From how to be a global historian to toppling statues of Gandhi, here are this week’s top picks in imperial and global history.
If the past is still required to understand the present, then approaching the past globally is an absolute necessity. But what does it mean to “think globally” today? What does a truly global history look like?
Though it is quickly becoming one of the most dynamic—if confusing—subfields in the discipline, global history is not easy to define. The first question might be whether such a history is even new. In antiquity, Western historians explored the past of their known world: a world, to them, surely as vast and contradictory as our own today. Many of their Muslim and Chinese colleagues did the same. Is today’s “global” history really more universal than a simple “world” history, whether from a contemporary historian or an ancient one? Or is it just a marketable label to sell old history in a competitive and crowded era? [continue reading]
It may be small enough to sit in the palm of your hand, but even now – nearly 800 years after it was lost to sight in what is now South Africa – the Golden Rhinoceros of Mapungubwe has powerful symbolism. It’s a representation of one of the region’s most physically powerful animals– the rhinoceros – and one of the region’s most enduring symbols of power – gold.
And, on the eve of its first trip out of the country for a new exhibition in the UK, it bears witness to a powerful and sophisticated kingdom that existed in Africa hundreds of years before white settlement. [continue reading]
The caretaker stares at the wrought iron door and its four ancient locks with a gleam in his eyes. Outside, the Moroccan sun shines down upon the ornate coloured tiles of Khizanat al-Qarawiyyin, located in the old medina of Fez. This, it is widely believed, is the oldest library in the world – and soon it will be open to the general public again. “It was like healing wounds,” says Aziza Chaouni, a Fez native and the architect tasked with restoring the great library.
The iron door is found along a corridor that once linked the library with the neighbouring Qarawiyyin Mosque – the two centres of learning and cultural life in old Fez. Inside it were kept the most prized tomes in the collection; works of such immense import that each of the four locks had separate keys held with four different individuals, all of whom had to be present for the door to be opened. [continue reading]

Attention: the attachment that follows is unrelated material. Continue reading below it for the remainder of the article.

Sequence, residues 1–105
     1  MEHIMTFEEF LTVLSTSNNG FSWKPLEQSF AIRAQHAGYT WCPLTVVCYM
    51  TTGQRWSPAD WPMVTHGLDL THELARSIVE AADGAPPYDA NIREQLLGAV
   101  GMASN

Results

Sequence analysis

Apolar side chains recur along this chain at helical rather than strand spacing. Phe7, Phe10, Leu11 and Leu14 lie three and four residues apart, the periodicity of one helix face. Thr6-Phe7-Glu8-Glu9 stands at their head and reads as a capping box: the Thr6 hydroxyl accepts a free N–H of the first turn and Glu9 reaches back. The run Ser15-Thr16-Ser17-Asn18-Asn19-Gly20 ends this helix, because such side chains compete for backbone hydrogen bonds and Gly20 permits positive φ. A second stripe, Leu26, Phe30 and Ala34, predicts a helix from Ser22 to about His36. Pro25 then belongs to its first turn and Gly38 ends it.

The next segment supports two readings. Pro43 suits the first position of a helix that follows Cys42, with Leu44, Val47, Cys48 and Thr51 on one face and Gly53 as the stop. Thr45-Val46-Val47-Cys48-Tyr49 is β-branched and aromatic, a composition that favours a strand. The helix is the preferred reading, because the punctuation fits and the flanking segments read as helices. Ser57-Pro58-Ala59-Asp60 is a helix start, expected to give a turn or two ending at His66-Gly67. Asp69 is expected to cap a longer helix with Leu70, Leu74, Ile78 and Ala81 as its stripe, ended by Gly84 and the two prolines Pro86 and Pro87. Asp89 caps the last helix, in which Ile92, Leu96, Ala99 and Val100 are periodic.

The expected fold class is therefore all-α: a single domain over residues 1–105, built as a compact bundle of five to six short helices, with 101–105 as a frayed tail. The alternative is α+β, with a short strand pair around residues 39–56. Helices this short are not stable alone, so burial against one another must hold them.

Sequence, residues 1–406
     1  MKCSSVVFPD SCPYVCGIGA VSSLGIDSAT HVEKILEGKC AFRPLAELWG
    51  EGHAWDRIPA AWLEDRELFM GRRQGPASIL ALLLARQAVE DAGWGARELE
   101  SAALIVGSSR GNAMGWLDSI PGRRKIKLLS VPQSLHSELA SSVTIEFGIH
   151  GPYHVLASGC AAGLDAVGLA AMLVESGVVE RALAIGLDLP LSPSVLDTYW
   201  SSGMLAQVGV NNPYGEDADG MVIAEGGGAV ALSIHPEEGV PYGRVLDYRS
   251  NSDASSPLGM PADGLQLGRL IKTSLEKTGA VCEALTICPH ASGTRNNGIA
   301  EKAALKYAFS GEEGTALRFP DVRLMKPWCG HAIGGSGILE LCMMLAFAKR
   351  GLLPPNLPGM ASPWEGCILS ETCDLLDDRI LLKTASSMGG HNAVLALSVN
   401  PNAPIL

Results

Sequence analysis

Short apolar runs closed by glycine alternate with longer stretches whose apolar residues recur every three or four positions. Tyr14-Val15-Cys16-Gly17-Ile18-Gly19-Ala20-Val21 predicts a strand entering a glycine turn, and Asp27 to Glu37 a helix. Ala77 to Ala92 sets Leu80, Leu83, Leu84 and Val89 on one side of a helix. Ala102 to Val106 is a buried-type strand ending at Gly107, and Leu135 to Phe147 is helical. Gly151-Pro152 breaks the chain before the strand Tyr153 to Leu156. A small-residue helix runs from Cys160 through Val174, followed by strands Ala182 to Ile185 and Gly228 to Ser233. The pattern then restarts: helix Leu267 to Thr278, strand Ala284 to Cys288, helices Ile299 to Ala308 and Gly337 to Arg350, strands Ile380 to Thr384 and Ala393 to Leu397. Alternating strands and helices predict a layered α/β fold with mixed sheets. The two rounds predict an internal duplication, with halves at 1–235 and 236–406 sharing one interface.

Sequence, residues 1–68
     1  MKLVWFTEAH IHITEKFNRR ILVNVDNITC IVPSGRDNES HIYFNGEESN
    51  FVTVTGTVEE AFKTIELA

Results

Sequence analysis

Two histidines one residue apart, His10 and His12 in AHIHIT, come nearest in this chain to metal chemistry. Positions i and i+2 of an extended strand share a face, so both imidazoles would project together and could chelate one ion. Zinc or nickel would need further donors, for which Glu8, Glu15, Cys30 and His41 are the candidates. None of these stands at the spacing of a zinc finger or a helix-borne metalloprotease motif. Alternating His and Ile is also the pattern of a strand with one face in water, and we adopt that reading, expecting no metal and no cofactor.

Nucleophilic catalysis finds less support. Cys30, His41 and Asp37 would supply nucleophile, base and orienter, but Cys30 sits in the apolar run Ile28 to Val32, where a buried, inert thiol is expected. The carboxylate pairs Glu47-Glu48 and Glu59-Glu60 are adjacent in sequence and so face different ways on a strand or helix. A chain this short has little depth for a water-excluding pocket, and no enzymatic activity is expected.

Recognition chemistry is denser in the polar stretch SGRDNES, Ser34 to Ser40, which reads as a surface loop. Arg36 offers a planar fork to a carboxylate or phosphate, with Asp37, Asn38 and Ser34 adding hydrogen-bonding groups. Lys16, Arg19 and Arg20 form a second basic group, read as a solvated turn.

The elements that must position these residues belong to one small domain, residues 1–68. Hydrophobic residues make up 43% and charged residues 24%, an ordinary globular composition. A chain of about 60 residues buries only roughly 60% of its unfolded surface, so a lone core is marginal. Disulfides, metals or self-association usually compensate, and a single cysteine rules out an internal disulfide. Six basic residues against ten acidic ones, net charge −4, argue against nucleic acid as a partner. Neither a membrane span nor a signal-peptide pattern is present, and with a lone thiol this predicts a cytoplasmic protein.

Su Lin Lewis
In the 1950s, conferences were essential in creating notions of solidarity and collective purpose among Asians and Africans. In our own Afro-Asian Networks conference last week, we traced the great arc of conferences that characterised the Bandung era. Many of the participants at the 1955 Afro-Asian Conference in Bandung first met in the 1947 Asian Relations Conference in Delhi. The Afro-Asian People’s Conference followed in Cairo in 1958, along with the All-African People’s Conference held later that year in Accra.
The speed and intensity of these gatherings was facilitated by air travel. In the wake of the Second World War, air travel was increasingly accessible to new Asian and African leaders, as well as civilians. Did the way people travel shape the nature of these conferences? [continue reading]
New York Post
On a cold February day in the 1970s, 15-year-old Alexey Pajitnov leaped over a pile of snow in Moscow. As he landed, his leg hit the pavement with “a sickening crack.” Soviet doctors put him in a full leg cast, requiring two to three months of in-home convalescence. To help him cope with boredom, a friend brought him books of math puzzles.
It was the moment that would change his life, as detailed by Dan Ackerman’s new book, “The Tetris Effect.” Pajitnov became addicted to the puzzles and eventually sought out other brain teasers. He developed a special fondness for pentomino puzzles — geometric jigsaw challenges that require players to join pieces made up of five squares into a set area. [continue reading]
Nelson Mandela said that the teachings of Mahatma Gandhi had helped to topple apartheid in South Africa. Emperor of Ethiopia, Haile Selassie I, was also an admirer. “Mahatma Gandhi will always be remembered as long as free men and those who love freedom and justice live,” he said. Yet not all African leaders are inspired by the man known as the “Father of India”.
An online petition, which has been signed by more than 1,000 people, has been started by professors at the University of Ghana. They call for the removal of a statue of Mohandas Karamchand Gandhi from the campus grounds in Accra. The academics say that Gandhi, who has been praised by public figures for leading India’s non-violent movement to freedom from British colonial rule during the mid 20th century, had a “racist identity”. [continue reading]